PLOT During World War I, two British soldiers must carry an urgent message to the front lines.
CAST George McKay, Dean-Charles Chapman, Benedict Cumberbatch
RATED R (realistic violence, language)
BOTTOM LINE An immersive war film driven by bravura camerawork and spectacular effects.
A soldier wakes up in a flowery meadow in the first few seconds of "1917," Sam Mendes' gripping action drama about World War I. To call this image the opening shot isn't quite right, because "1917" contains essentially just one shot, a continuous stream of imagery that flows nearly uninterrupted for two hours. Though we know the film has technically been spliced together, the effect is undetectable (save for a brief cut to black). It's an astonishing achievement from Mendes and his crew, notably editor Lee Smith and cinematographer Roger Deakins.
In fact, the filmmaking takes star billing over the story, written by Mendes with Krysty Wilson-Cairns. Like Christopher Nolan's "Dunkirk," Mendes' movie wants to drop you into the middle of war to run, hide and fight along with your fellow soldiers. Both movies succeed admirably, and "1917" has an emotional core that "Dunkirk," in its excitement, forgot to include. Still, this is a movie about sight and sound; heart and soul come second.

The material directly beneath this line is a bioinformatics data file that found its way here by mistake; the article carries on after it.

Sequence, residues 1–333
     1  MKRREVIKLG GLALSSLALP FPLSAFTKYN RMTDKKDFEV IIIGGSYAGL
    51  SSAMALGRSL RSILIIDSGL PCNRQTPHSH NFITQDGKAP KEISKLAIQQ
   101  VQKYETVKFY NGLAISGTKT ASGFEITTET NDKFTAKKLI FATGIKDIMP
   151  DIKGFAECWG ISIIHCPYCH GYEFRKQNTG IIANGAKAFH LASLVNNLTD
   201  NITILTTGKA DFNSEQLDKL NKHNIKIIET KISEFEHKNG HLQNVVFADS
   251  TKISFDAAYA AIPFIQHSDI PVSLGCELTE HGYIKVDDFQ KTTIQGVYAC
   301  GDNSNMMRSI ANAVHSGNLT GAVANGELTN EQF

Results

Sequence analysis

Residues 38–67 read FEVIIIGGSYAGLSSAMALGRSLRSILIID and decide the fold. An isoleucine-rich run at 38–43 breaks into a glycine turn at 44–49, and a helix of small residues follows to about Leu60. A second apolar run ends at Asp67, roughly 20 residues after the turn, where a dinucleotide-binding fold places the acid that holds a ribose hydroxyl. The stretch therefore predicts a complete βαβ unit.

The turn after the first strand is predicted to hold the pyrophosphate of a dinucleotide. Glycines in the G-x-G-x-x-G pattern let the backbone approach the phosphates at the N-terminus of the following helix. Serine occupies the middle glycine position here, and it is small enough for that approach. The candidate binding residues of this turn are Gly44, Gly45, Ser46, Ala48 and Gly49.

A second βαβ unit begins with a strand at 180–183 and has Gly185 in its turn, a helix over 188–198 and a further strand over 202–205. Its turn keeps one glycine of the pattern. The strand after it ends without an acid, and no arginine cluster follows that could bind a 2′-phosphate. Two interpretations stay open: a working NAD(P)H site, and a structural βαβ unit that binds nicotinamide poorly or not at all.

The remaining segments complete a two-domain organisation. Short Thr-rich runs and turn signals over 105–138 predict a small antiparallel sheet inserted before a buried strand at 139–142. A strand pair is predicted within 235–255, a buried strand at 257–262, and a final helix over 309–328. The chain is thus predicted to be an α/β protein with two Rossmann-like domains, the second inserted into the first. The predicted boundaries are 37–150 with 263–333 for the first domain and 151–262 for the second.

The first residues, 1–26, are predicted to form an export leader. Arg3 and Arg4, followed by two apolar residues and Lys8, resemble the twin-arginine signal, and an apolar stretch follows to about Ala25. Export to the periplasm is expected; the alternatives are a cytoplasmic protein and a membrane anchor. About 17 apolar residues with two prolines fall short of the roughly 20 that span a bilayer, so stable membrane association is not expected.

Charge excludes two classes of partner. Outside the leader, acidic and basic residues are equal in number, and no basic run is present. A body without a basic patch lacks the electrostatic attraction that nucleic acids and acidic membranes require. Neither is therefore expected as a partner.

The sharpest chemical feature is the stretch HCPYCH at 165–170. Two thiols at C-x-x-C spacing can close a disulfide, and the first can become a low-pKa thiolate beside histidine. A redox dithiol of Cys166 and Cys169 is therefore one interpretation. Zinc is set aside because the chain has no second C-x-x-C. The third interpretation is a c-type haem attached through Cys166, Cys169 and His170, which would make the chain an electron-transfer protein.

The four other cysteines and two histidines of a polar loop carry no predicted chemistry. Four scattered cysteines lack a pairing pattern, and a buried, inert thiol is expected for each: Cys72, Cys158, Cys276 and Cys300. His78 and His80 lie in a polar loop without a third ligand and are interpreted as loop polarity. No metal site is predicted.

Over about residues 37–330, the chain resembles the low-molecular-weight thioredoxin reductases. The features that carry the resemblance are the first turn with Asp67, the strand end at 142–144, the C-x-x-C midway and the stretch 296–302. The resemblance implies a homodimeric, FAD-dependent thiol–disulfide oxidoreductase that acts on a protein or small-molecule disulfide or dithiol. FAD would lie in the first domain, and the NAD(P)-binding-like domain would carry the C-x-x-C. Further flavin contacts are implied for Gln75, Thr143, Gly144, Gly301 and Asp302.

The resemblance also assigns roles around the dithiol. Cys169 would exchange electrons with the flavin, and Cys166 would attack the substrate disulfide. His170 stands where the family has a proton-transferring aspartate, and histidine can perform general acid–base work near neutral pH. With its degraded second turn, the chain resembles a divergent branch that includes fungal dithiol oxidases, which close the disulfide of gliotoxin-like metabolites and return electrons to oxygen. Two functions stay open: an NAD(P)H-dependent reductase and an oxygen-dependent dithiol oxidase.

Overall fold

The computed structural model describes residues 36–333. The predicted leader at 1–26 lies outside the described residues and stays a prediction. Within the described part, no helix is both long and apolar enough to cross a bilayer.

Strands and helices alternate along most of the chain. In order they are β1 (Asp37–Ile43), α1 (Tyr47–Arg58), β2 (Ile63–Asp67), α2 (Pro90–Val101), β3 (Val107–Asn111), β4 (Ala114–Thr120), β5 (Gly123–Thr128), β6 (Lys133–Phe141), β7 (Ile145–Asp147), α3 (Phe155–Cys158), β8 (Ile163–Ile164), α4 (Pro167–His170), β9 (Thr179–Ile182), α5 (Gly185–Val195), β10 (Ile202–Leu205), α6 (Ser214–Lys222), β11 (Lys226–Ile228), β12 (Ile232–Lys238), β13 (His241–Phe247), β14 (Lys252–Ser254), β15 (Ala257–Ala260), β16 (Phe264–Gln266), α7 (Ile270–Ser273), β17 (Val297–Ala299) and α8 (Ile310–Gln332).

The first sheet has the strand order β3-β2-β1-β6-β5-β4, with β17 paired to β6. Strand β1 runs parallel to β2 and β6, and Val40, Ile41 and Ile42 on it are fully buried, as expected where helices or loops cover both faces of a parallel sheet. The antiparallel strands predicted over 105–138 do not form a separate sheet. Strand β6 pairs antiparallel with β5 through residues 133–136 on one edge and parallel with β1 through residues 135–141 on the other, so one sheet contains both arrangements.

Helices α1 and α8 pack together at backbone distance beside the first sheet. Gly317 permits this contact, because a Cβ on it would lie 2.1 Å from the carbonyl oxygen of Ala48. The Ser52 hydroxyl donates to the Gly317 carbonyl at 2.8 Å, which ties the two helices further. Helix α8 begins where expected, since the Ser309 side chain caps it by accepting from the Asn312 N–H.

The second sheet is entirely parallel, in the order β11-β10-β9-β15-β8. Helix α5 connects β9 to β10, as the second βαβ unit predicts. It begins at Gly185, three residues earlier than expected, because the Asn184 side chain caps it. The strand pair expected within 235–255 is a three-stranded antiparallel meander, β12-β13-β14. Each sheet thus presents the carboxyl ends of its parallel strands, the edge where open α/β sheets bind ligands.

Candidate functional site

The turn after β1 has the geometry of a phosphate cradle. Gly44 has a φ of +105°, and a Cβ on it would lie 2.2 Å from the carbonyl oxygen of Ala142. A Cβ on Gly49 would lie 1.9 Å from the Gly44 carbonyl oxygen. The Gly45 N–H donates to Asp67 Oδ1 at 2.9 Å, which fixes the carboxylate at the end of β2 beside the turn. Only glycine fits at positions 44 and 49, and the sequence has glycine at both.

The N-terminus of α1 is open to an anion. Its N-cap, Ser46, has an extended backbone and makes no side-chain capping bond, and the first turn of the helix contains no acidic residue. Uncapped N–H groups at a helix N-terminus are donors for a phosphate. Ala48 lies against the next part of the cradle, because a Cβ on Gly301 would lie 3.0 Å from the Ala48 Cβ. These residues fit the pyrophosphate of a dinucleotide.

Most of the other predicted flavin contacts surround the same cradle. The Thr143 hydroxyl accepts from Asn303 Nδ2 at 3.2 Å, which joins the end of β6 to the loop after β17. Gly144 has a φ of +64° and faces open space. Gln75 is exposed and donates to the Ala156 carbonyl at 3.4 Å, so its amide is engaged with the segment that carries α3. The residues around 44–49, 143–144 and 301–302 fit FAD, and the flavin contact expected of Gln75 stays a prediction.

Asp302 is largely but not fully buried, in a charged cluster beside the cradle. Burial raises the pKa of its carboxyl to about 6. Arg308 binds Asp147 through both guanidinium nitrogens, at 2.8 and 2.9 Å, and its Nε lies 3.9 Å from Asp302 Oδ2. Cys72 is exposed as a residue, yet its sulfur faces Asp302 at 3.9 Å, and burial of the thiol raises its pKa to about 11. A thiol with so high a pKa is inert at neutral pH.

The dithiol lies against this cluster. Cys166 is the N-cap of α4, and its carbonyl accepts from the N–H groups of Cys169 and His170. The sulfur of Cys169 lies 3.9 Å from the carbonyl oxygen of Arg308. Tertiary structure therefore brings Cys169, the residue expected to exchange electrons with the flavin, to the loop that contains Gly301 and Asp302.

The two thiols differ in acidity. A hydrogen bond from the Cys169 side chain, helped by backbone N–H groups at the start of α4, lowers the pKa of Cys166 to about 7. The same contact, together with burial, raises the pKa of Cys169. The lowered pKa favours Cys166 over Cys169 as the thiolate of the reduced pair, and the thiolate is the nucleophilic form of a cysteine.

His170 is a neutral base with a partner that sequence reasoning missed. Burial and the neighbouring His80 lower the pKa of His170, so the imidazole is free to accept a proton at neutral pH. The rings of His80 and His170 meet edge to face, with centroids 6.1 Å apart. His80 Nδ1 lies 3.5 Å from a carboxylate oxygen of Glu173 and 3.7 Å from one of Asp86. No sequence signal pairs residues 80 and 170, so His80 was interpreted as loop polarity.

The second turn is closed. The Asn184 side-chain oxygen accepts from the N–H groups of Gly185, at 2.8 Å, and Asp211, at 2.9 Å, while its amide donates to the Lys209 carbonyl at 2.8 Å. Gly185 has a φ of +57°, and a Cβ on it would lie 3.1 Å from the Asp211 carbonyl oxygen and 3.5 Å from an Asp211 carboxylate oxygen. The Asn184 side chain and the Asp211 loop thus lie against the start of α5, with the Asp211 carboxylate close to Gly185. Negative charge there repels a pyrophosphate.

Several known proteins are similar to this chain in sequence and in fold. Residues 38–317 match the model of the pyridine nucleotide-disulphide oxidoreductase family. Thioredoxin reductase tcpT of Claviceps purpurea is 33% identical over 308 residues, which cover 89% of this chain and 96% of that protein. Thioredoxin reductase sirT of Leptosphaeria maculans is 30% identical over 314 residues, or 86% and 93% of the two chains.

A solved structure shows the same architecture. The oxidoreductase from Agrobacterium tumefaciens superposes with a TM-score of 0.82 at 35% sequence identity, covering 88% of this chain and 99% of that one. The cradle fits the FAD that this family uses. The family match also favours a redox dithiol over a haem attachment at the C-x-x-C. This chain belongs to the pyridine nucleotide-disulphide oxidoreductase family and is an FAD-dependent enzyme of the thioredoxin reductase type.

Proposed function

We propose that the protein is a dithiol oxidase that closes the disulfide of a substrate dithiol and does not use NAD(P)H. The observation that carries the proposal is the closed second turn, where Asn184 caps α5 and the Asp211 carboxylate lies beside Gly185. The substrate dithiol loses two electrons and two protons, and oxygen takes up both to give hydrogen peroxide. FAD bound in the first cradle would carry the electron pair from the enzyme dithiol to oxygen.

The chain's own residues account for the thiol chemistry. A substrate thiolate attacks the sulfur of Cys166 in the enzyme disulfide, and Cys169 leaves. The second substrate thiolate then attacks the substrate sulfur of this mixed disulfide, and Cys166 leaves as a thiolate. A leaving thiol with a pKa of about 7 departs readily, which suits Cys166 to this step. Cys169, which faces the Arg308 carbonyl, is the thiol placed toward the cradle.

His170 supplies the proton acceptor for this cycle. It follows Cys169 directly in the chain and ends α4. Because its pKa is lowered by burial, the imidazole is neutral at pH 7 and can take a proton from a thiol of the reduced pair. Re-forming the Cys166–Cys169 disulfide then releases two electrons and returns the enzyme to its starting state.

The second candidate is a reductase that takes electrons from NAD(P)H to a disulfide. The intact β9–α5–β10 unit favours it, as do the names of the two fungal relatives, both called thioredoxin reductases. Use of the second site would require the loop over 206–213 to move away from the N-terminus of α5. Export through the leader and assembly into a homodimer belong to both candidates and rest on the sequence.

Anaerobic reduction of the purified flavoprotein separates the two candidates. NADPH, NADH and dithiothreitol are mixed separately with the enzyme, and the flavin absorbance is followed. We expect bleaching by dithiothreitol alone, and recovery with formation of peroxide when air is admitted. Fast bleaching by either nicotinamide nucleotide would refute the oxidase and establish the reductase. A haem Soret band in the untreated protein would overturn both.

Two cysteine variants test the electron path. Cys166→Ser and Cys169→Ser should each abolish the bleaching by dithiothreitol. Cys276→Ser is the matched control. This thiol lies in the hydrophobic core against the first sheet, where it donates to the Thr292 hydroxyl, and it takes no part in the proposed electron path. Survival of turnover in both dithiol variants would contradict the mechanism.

That sleeping soldier is Schofield (George MacKay), who has the bad luck to be napping near his buddy Blake (Dean-Charles Chapman). A superior taps Blake for a mission, Blake taps Schofield for a partner, and the two Lance Corporals end up racing across enemy territory to deliver an urgent message to Colonel Mackenzie (a brief but forceful Benedict Cumberbatch). His roughly 1,600 British soldiers are about to walk into a German trap, and Blake's older brother is among them.
What follows is a journey through the horrors and thrills of war, some of them familiar (a slog through a sea of corpses), some of them eye-catchingly new (tank shells, standing on end, look like giant bullets that dwarf the two soldiers as they walk by). Events unfold in real time, taking us from the hellish center of a burning city to the freezing rapids of a river within seconds. It's Schofield, a moper and complainer (as opposed to the plucky, can-do Blake), who will change the most over the course of the film.
"1917" feels like a close cousin to the "The Revenant," another grueling adventure story, and "Birdman," which also presented itself as a single shot (both were directed by Alejandro González Iñárritu). The film's overall choreography and composition — one sequence includes a distant airplane that eventually lands inches from the camera — are dazzling. "1917" should thrill fans of audacious, arduous filmmaking.